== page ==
Address: ３６ Okitayamaharadaniinuicho, Kita, Kyoto, Kyoto Prefecture 603-8487, Japan
Opening hours: 9am-5pm
Ryoan-ji Rock Garden
Ryoan-ji Temple was mentioned before but its rock garden is noteworthy in itself. It contains 15 rocks and they are aligned in such a way that at least one is always hidden from view, no matter where you stand.
Address: 13 Ryoanji Goryonoshitacho, Ukyō-ku, Kyoto, Kyoto Prefecture 616-8001, Japan
Kyoto Botanical Garden in Kitayama
A list of Kyoto’s gardens wouldn’t be complete without the local botanical garden. Kyoto Shokubutsuen (京都植物園) is the most comprehensive public botanical garden in Japan as it is home to 12,000 plant species.
Address: Shimogamo Hangicho, Sakyo Ward, Kyoto, Kyoto Prefecture 606-0823, Japan
Ume Blossom Garden
At Kitano-Tenmangu Shrine Baien has hosted the annual plum blossoms (ume) festival on February 25th for about the past 900 years. Get tickets (1500 yen) in advance as access to the tea ceremony is limited to 3000 people.
Address: Bakurocho, Kamigyo Ward, Kyoto, Kyoto Prefecture 602-8386, Japan
Sogenchi Garden is totally under the usual tourist radar even though it is one of the most beautiful gardens around. Really find your peace and inner centre here among this meticulate garden. Entrance is 500 yen.
Address: 68 Sagatenryūji Susukinobabachō, Ukyō-ku, Kyōto-shi, Kyōto-fu 616-8385, Japan
Opening hours: 8:30am-5:30pm
As it lies a bit higher, you can enjoy picturesque scenery around Haradanien Garden – especially during sakura season. The garden is home to hundreds of weeping cherry trees, which bloom later than the regular Yoshino cherry.
Address: ３６ Ōkitayamaharadaniinuichō, Kita-ku, Kyōto-shi, Kyōto-fu 603-8487, Japan
Opening hours: 9am-5pm
The park is open to the public. Here, plants used in herbal medicine are planted and accompanied by information boards. (If you can read Japanese, it’s helpful.) Workshops on these herbal plants are hosted four times a year.
Address: 11 Ichijōji Takenouchichō, Sakyō-ku, Kyōto-shi, Kyōto-fu 606-8134, Japan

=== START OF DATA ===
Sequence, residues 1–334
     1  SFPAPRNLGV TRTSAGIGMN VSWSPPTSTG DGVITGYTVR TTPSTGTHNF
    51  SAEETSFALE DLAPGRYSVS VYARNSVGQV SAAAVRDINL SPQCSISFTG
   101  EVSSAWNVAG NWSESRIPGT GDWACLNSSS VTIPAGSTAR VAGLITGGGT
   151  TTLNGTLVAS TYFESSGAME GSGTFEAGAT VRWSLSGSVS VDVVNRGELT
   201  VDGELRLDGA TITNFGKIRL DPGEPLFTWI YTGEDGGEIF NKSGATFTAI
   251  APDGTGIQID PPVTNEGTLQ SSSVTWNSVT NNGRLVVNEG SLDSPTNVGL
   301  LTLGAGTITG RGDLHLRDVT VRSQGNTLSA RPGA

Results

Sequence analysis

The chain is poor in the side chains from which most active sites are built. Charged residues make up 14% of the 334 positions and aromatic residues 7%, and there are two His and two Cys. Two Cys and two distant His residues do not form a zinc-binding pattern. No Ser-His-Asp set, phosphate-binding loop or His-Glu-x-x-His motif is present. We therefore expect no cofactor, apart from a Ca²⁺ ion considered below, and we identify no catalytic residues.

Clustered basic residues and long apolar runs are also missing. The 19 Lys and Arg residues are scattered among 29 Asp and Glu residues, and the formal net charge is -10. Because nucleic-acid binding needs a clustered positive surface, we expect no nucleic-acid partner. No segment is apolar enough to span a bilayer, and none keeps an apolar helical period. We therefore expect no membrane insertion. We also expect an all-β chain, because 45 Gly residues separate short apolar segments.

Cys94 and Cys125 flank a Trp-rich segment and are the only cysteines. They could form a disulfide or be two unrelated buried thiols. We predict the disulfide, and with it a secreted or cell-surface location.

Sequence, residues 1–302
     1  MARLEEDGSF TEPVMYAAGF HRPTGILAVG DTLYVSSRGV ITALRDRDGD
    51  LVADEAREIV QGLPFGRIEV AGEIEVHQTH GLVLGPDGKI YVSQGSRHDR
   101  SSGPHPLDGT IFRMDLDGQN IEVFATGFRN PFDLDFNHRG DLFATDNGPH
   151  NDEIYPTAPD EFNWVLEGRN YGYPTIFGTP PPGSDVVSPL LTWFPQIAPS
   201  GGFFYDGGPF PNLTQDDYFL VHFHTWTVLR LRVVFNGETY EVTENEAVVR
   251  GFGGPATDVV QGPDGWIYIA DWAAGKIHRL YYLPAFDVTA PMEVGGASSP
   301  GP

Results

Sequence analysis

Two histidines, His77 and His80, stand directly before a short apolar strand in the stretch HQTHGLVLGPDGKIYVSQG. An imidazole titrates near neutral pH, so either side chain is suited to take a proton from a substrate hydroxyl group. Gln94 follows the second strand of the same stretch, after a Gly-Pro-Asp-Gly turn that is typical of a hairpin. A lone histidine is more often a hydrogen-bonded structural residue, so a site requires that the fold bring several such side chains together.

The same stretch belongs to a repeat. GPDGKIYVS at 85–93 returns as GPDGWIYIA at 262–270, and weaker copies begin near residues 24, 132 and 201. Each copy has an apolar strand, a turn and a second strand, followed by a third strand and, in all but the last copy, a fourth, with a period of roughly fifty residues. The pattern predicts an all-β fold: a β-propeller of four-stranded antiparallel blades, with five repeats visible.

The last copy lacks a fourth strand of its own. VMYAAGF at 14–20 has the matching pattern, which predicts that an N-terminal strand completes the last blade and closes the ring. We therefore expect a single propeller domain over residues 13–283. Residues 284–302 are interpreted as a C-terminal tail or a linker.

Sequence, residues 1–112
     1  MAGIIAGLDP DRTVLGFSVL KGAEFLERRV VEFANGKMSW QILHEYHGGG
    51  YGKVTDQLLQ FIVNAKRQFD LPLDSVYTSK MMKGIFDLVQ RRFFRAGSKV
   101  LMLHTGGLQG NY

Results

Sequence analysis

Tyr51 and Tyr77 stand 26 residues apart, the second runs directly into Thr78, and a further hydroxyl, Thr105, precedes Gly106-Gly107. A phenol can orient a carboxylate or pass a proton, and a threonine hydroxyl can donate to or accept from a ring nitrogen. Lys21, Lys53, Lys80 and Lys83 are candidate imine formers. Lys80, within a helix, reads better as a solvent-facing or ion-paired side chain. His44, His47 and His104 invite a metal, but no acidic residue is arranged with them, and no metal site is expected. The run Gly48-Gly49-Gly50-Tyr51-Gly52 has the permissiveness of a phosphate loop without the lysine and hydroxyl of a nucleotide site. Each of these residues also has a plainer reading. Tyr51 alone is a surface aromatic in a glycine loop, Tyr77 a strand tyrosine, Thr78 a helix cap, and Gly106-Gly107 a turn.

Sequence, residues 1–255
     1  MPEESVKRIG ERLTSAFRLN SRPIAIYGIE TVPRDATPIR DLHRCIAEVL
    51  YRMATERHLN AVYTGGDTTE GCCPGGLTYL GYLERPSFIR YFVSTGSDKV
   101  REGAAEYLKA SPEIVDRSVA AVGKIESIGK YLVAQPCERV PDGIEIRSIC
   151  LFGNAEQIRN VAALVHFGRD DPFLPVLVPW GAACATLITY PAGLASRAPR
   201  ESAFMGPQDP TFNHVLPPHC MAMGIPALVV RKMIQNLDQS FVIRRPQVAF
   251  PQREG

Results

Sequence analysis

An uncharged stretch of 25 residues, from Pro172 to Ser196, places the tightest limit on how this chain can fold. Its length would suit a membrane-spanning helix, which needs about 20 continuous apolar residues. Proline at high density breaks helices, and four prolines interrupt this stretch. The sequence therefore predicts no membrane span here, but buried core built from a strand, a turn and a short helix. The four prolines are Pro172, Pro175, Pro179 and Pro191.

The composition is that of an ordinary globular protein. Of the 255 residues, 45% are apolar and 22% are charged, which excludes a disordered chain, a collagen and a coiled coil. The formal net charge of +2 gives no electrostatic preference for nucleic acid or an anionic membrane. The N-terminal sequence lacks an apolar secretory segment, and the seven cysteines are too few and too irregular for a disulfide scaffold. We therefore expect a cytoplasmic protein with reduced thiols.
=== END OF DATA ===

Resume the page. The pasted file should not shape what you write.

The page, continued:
Top 10 Kyoto Cafes
Cafe Bibliotic Hello!
This isn’t the place for traditional Japanese dishes as it serves more fusion Western food. But it has great coffee and a cosy interior. If you have a sweet tooth, try the pastries.
Address: Japan, 〒604-0951 Kyoto Prefecture, Kyoto, Nakagyo Ward, 柳馬場東入ル晴明町650 Nijo Dori
Opening hours: 11:30-12am
This is ideal for viewing the pagoda over a nice dessert. Perfect for warming up during chilly winter days! As it is a small café, the menu is limited.
Address: ３８８ Kinencho, Kyoto, Kyoto Prefecture 605-0828, Japan
Opening hours: 8am-5pm, closed on Tuesdays
Pick a window seat to overlook river and dig into your crispy American style pancakes. Staff speaks English, the menu is Western. Note: There is a 500yen cover to sit on the patio.
Address: Japan, 〒600-8015 京都府Kyoto 京都市下京区木屋町通松原上ル美濃屋町176-1 176-1, Minoya-cho, Shimogyo-ku
Opening hours: 10am-12am
Arabica Kyoto Higashiyama
Another great hotspot for coffee lovers and connoisseurs of latte art, Arabica Kyoto will welcome you with its relaxing atmosphere. It is very contemporary and makes a mean pulled espresso.
Address: ８７−５ Hoshinocho, Kyoto, Kyoto Prefecture 605-0853, Japan
Opening hours: 8am-6pm
Café Du Mon
Foodies will love this place for the amazing flavours. Order the meatballs with gnocchi or miso soup to whet your appetite. There is a complimentary sweet treat after your meal and it hits just the right spot.
Address: Japan, 〒603-0000 Kyoto Prefecture, Kyoto, Kita, 柴野下門前町44
Opening hours: 10.30am-6:30pm
After reaching the coffee shop, you definitely deserve nice food. It is a little bit of a hike up but the views make it well worth it. Both locals and tourists mingle here. Try the traditional matcha tea.
Address: 8 Yoshidakaguraokacho, Sakyo Ward, Kyoto, Kyoto Prefecture 606-8311, Japan
Opening hours: 11:30am-6pm
Fun fact: the café uses only ethical happy cow milk. There are vegetarian options as well and the atmosphere is very relaxing. Staff speaks English and the menu is bilingual as well.
Address: ２４ Nishinokyo Hokuseicho, Nakagyo Ward, Kyoto, Kyoto Prefecture 604-8382, Japan
Opening hours: 9am-7pm
Yojiya Cafe Ginkakuji
Should you like your desserts to not just taste delicious but also look pretty, this Kyoto café will please you. It’s just down the Philosopher’s Path. Note that this place is a bit pricy and is well visited on the weekends.
Address: 15 Shishigatani Honenincho, Sakyo Ward, Kyoto, Kyoto Prefecture 606-8421, Japan
Opening hours: 10am-6pm
Weekenders Coffee Tominokoji
Order one of the freshly brewed coffees here and then hope the bench in the adjacent garden is still free so you can enjoy the moment. The coffee shop is very small. Try the Ethiopian or Colombian pour.
Address: Japan, 〒604-8064 Kyoto Prefecture, Kyoto, Nakagyo Ward, Honeyanocho, 560
Opening hours: 7:30am-6pm, closed Wednesdays
Breizh Café Crêperie Kyoto
Do you enjoy crepes? At this café, they are made fresh from buckwheat by French expats. You can get crepes either as sweet or hearty. Vegetarian options are available as well.
Address: 14-1 Ishibashicho (Sanjodori), Nakagyo Ward, Kyoto, Kyoto Prefecture 604-8036, Japan
Opening hours: 10am-9:30pm
Top 15 Kyoto Restaurants
Kobe Beef Steak Moriya Gion